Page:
Keeping healthy on a minimum wage: is not easy in the United Kingdom

Research output: Contribution to journalArticlepeer-review

Abstract

The national minimum wage was a flagship policy of the United Kingdom's Labour party during the 1997 election campaign—a century after Fabians Sidney and Beatrice Webb first advanced the idea. From April 1999 the policy set a main minimum wage of £3.60 per hour for those aged 22 and older and a lower rate of £3.00 for those aged 18-21. Reviewed annually, the main rate now stands at £5.05 and the youth rate at £4.25 per hour. People aged 25 or over and working at least 30 hours a week can also receive working tax credits after means testing. Has the policy reduced poverty and, in turn, improved public health?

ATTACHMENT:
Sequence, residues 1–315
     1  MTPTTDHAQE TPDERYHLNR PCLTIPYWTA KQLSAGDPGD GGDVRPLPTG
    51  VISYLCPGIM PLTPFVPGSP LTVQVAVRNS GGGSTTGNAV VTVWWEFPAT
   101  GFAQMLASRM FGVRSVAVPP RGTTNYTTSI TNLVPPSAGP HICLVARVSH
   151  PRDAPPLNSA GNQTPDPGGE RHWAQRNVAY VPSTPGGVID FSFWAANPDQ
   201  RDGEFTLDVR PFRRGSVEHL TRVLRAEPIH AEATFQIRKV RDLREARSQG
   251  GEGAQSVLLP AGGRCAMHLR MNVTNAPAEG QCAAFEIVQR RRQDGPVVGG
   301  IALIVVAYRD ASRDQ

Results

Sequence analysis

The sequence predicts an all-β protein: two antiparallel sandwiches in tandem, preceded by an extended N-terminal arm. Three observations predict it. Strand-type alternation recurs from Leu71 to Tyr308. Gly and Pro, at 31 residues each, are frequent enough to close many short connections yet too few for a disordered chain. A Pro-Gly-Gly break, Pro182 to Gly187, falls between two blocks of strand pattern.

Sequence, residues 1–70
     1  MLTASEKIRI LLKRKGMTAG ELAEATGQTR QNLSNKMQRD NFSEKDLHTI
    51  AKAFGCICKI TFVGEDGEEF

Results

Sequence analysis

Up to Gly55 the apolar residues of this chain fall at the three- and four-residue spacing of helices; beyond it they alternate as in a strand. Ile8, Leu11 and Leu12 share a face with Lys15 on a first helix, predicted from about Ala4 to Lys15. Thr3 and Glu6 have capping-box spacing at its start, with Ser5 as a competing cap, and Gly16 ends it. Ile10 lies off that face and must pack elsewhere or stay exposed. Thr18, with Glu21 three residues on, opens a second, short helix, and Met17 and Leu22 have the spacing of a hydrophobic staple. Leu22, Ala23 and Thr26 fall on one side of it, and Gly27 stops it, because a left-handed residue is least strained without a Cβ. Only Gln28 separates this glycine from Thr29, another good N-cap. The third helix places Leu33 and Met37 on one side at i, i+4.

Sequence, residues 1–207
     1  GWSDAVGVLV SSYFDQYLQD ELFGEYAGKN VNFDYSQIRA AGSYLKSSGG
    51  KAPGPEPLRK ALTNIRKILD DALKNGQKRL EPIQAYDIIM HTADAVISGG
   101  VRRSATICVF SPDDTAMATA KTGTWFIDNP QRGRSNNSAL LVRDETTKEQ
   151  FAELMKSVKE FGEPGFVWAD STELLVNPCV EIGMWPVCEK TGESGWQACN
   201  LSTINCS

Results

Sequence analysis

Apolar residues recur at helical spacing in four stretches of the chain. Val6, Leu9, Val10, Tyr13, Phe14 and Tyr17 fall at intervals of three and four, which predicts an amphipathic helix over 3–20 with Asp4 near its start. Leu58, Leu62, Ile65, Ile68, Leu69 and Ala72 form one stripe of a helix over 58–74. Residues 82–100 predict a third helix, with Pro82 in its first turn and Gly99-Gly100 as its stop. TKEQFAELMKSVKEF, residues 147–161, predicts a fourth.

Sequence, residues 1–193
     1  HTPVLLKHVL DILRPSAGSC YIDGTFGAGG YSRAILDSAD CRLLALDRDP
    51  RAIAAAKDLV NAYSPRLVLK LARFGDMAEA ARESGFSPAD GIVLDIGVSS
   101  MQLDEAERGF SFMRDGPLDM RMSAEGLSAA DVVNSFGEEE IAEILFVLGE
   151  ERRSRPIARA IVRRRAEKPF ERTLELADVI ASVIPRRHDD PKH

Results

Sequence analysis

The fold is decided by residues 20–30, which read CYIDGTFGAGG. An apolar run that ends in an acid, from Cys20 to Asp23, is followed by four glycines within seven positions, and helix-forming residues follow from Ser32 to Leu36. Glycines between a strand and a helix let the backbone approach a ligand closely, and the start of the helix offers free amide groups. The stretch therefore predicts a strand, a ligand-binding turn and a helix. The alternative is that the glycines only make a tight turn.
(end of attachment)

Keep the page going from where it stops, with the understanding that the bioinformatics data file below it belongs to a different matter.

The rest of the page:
Original languageEnglish
Pages (from-to)857-858
Number of pages2
JournalBMJ
Volume331
Issue number7521
DOIs
Publication statusPublished - 13 Oct 2005

Keywords

  • keeping healthy
  • minimum wage
  • Labour party
  • New Labour
  • public health
  • tax credits

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